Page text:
Flashing LA streetlights will direct cops to emergencies

City officials in Los Angeles are hatching a plan to flash LED streetlights that would guide police and fire crews to and from emergency scenes.

The idea, reported by Forbes, is just one way Los Angeles hopes to leverage its ongoing street lighting conversion in which it is replacing 215,000 conventional lamps with energy-saving and digitally controlled LED models. Forbes describes the LA job as 'one of the biggest relighting projects in the world.'

Los Angeles has spent $57 million to replace 155,000 lights over the last five years, and will spend another $50 million to finish the job.

With money like that, it's under pressure to demonstrate payback and usefulness.

It is already racking up energy savings. The city has slashed lighting's electricity consumption buy 42 percent, from 190 million kilowatt-hours to 110 million in the project's first phase. It anticipates cutting $8.8 million from its electricity bill this year, and $3 million from its maintenance costs – LEDs last much longer than conventional lights, and operators can monitor their performance remotely via digital networks rather than by sending out crews.

Because LED streetlights are digital devices – LEDs are semiconductors (diodes) that emit light – cities and utilities can control them remotely, or via sensors that detect the presence of people or vehicles and thus determine whether a lamp should be switched on, and at what brightness.

That's what has Los Angeles thinking up novel uses.

'The city likes the idea of using flashing light paths to guide its police and firefighters toward and away from emergencies, and it may put that practice in place later,' Forbes writes. 'Even without making the light dance, LA has seen a reduction in crime. Offences such as burglaries and vandalism have fallen by 10 percent between 7 pm and 7 am since 2008.'

In the bigger picture, LA sees the potential to use its digital lighting network as the glue to 'smart city' networks, in which lamp posts and luminaires equipped with sensors and Internet connections would transmit information about crowds, traffic, air quality and many other things. Cities would use the information in many ways (see more links below). For instance, a sensor that switches on a light when it detects a crowd in a normally quiet are might alert the police to check out the scene.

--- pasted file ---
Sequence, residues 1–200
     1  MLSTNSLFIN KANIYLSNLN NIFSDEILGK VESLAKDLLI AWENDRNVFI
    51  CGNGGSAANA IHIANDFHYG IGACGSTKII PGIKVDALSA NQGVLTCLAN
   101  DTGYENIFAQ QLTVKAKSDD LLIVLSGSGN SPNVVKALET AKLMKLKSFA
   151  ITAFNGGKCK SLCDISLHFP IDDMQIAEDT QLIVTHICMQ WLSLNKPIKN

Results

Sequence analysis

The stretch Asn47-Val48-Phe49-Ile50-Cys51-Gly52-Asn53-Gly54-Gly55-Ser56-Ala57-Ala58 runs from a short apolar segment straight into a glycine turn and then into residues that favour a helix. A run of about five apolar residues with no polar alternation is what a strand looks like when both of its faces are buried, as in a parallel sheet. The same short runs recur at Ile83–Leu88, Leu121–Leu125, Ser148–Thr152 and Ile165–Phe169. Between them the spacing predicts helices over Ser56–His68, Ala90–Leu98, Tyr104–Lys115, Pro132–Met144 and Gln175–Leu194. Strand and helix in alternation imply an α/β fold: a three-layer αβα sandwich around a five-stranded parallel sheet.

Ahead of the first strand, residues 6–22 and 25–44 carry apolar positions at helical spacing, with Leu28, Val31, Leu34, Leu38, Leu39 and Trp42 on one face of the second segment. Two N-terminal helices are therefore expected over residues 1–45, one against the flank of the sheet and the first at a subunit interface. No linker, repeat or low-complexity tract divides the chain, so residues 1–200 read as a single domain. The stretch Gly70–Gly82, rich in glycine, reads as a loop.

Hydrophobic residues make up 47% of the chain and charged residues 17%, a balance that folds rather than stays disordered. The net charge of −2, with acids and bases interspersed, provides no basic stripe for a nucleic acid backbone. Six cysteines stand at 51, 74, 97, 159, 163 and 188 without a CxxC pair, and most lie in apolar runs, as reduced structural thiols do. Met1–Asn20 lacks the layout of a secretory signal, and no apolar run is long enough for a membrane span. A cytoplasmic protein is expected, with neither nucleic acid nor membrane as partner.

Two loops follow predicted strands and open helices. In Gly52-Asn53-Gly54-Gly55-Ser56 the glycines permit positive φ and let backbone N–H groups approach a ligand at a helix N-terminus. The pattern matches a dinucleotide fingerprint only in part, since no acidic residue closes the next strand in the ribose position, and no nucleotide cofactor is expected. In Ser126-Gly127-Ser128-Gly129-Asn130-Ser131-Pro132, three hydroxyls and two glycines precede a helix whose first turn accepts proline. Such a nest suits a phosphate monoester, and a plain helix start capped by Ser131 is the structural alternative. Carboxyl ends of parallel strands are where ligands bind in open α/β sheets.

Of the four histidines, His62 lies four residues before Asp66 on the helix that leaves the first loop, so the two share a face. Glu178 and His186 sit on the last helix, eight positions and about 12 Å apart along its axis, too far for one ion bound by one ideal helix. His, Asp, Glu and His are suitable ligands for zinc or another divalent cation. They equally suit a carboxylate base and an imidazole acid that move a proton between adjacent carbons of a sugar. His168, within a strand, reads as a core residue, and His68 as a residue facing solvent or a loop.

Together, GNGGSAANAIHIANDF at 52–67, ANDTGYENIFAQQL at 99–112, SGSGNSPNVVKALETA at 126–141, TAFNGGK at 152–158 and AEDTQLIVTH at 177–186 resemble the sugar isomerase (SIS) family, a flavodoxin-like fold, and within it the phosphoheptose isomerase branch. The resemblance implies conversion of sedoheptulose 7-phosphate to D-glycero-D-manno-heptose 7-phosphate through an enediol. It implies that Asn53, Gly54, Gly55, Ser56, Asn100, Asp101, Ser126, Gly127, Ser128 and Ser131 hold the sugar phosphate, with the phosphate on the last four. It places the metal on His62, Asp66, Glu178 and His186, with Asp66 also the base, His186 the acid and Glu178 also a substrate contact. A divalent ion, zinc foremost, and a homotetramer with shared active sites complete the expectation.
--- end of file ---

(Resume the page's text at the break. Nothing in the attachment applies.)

'We are in the middle of a lighting revolution in the world,' says Ed Ebrahimian, director of LA's bureau of streetlighting. 'Lamps have been around since Edison, and in the past few years, LED has changed the whole picture. The rules of the game have changed.'

Not everyone supports LED street lighting. Critics have questioned whether the bluish light that it emits damages human health, pointing out its detrimental effect on sleep, and even linking it to cancer.

And residents in many newly LED-lit neighbourhoods have complained that the lights have a narrow beam focus that leaves swathes of sidewalks in the dark, fostering crime, in contrast to LA's results (see links below).

The smart street lighting movement could clearly benefit from intelligent debate. Meanwhile, the bright ideas for innovative uses will keep on coming.

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Photo is a screen grab from the Los Angeles Bureau of Street Lighting 

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More smart and not-so-smart streetlghting, on Lux:

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Note: The European Commission is assembling a group of European mayors, city managers and vendors next week in Rome to debate the way forward in smart lighting. Lux will run the lively discussion. We can't wait to hear the inventive ideas.